Not until the end of the year did he begin his most elaborate and expensive story. The Hall for Belshazzar's Feast has become perhaps the best-known set created for a silent film. Griffith had his set festooned with Egyptian bas-reliefs, Hindu elephant gods, and Assyrian bearded bulls. Practically every Near Eastern style was represented somewhere on the walls or in the costumes—except the styles of Babylon. Until Douglas Fairbanks's castle set for Robin Hood, it remained the largest backdrop ever created for a movie scene.
The result, when combined with the Passion sequence, was a conglomerate of stories and styles in search of a unifying principle. Part morality play and part three-ring circus, the movie was part of the new eclectic aesthetic that had all but buried the older ideal of organic synthesis. Along with Scott Joplin's Treemonisha and Charles Ives's Third Symphony, it remains one of the period's great hybrids.
As such, it won uniformly enthusiastic critical notices, but proved disappointing at the box office. Produced at a cost of $386,000 (almost four times the expense of The Birth of a Nation) and endowed with an extraordinary cast, it left audiences cold. Although the film cost considerably less and earned more than historians have generally reported, Griffith himself was convinced he had failed. Two years after its release, he released the modern and Babylonian episodes as two separate films. Traditionally, these productions have been dismissed as footnotes to Intolerance, simple attempts to relieve the producer of Intolerance's burden of debt. Several recent critics, however, have argued that the modern story—released as The Mother and the Law—is improved when separated from the other stories and should be evaluated as a self-contained feature.
Griffith was the most eclectic of American directors, an artist whose work consistently absorbed and reflected American popular culture. Of all his films, Intolerance remains the one most firmly rooted in its own time, a work representing the cultural phenomena of its day. Probably no film before Citizen Kane touched on as many aspects of American popular taste.
Griffith's instincts cannot be called infallible. In his sweeping dragnet of the fine arts, he intuitively missed every important art movement of his time; the raw materials he gathered were an unsorted miscellany of official art treasures (like the Cluny unicorn tapestries and the Assyrian winged bulls) and parochial 19th century kitsch. As a muckraker, he had trouble distinguishing important social evils (like America's bloody labor wars and horrible prison conditions) from ephemeral parochial problems. The demons he fought most bitterly, like the Anti-Saloon League, the Rockefeller Foundation, and settlement workers, represented issues far more complex than he ever perceived. He had infinite charity for prodigals, but none for Pharisees, and he depicts "uplifters" as onesidedly in Intolerance as he depicted blacks in The Birth of a Nation.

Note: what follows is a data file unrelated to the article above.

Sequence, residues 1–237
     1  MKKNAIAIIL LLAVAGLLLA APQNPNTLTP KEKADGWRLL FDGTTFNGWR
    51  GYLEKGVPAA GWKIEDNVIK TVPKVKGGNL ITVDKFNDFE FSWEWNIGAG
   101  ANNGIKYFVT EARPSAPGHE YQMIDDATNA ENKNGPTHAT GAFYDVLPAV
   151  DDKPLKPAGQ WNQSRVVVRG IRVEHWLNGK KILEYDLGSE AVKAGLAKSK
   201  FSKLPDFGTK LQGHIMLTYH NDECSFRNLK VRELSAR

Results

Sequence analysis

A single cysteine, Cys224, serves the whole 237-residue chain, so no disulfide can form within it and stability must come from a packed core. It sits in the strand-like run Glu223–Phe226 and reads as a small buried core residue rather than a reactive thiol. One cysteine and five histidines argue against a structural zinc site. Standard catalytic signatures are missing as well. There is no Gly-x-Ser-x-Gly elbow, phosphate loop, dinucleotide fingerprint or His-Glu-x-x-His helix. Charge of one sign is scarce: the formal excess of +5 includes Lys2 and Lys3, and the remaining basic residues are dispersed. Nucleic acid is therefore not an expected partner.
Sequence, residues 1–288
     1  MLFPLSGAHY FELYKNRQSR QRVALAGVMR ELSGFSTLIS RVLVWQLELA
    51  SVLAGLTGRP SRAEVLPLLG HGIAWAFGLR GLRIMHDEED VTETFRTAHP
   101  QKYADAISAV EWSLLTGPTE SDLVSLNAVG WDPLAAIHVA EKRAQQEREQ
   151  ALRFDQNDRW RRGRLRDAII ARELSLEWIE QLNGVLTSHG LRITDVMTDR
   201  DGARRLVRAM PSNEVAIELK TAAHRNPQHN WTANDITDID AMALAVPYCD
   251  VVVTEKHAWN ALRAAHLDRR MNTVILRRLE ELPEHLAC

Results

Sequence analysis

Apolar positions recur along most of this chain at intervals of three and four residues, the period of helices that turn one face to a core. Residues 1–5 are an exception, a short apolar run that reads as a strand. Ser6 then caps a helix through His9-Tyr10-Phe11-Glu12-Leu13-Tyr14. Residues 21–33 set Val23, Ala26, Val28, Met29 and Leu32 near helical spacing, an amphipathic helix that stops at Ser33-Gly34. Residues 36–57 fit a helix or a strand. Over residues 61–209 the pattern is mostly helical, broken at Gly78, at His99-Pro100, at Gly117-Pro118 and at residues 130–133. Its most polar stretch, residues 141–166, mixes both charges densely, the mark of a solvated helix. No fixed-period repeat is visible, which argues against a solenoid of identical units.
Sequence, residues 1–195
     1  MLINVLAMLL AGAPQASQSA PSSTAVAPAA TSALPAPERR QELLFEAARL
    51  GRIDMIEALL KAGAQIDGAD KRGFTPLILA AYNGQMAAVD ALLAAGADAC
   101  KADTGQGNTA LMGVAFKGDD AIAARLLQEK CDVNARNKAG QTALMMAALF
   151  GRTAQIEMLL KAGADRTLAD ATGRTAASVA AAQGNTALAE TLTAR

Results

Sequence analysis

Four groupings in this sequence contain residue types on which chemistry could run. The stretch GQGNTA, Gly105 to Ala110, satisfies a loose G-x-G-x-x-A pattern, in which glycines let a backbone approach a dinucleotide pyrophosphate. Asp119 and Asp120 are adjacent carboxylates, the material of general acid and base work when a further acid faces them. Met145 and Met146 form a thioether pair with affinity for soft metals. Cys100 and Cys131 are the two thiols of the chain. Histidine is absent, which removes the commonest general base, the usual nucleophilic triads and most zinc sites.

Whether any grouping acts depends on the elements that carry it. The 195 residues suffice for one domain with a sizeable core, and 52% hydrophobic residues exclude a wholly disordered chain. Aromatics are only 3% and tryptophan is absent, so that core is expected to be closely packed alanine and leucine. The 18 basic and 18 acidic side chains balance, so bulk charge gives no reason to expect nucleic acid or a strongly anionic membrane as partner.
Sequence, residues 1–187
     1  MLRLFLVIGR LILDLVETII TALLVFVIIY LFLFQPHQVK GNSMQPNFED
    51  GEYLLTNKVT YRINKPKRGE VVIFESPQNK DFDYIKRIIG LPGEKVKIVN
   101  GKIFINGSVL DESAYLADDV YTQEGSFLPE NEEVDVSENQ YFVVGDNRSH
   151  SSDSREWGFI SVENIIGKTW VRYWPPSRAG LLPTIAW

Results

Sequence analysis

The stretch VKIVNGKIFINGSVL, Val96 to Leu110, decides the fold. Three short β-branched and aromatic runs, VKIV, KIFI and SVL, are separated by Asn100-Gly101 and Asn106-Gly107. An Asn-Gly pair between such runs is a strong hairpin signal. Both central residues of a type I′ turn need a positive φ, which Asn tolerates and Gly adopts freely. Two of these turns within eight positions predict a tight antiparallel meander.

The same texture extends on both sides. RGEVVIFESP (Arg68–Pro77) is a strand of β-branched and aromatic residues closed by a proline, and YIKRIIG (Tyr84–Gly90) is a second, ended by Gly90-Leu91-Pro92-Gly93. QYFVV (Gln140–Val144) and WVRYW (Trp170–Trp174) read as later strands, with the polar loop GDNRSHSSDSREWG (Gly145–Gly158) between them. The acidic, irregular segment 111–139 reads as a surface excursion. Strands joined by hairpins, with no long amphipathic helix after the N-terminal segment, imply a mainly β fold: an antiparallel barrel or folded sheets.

Today, Intolerance is usually discussed according to memorable isolated sequences, notably Belshazzar's feast, beginning with its famous crane shot; the strike sequence; the courtship of Mae Marsh and Bobby Harron; the courtroom scene with the famous close-ups of Mae Marsh's hands; and the Babylonian battles. Although considerable attention has recently been paid to Griffith's treatment of miseen-scène, the most durable aesthetic debate continues to center on his intercutting techniques, especially the rhythmic climax built on four intertwined catastrophes, one averted, the others not.
Intolerance (1916) is one of the first great American epic films. Over three-and-one-half hours long, it has a complex narrative which consists of four separate melodramatic plots. Each is set in a different era, and all four are intercut to create a complicated historical critique of injustice and intolerance throughout the ages. Three of the stories concentrate upon the effects of historical events upon ordinary people.
D.W. Griffith, who has been called the father of the American Cinema, was America's first great movie showman, and the first director who saw moviemaking not merely as entertainment but as an important art form. Stung by charges of racism leveled at him by the critics for his first important feature, Birth of a Nation (1915), Griffith responded by making Intolerance, a film of a complexity and scale never seen before this time—a film so grand in its conception that the original rough cut was, according to film historian David Cook, eight hours long. Although it was a critical success and is considered a masterpiece of the silent cinema, the rather preachy Intolerance was not a success at the box office.
Cook, David. A History of Narrative Film. New York, W.W. Norton and Company, 1990.
Intolerance ★★★★ 1916
Griffith's largest film in every aspect. An interwoven, four-story epic about human intolerance, with segments set in Babylon, ancient Judea, and Paris. One of the cinema's grandest follies, and greatest achievements. Silent with music score; B&W with some restored color footage. 175m/B VHS, DVD . Lillian Gish, Mae Marsh, Constance Talmadge, Bessie Love, Elmer Clifton, Erich von Stroheim, Eugene Pallette, Seena Owen, Alfred Paget; D: D.W. Griffith; W: D.W. Griffith, Tod Browning; C: Billy (G.W.) Bitzer, Karl Brown. Natl. Film Reg. ‘89.